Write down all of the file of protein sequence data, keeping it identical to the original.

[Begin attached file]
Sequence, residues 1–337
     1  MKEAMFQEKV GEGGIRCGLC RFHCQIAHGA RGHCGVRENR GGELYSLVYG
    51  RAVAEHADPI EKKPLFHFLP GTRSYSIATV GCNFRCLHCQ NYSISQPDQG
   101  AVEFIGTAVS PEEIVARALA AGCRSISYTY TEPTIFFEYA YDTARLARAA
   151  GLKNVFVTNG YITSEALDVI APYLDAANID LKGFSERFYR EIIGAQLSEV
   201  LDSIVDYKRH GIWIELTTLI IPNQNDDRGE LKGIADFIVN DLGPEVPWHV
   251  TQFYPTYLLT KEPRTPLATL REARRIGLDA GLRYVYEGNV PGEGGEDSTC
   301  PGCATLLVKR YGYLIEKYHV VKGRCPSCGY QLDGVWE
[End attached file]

Sequence, residues 1–337
     1  MKEAMFQEKV GEGGIRCGLC RFHCQIAHGA RGHCGVRENR GGELYSLVYG
    51  RAVAEHADPI EKKPLFHFLP GTRSYSIATV GCNFRCLHCQ NYSISQPDQG
   101  AVEFIGTAVS PEEIVARALA AGCRSISYTY TEPTIFFEYA YDTARLARAA
   151  GLKNVFVTNG YITSEALDVI APYLDAANID LKGFSERFYR EIIGAQLSEV
   201  LDSIVDYKRH GIWIELTTLI IPNQNDDRGE LKGIADFIVN DLGPEVPWHV
   251  TQFYPTYLLT KEPRTPLATL REARRIGLDA GLRYVYEGNV PGEGGEDSTC
   301  PGCATLLVKR YGYLIEKYHV VKGRCPSCGY QLDGVWE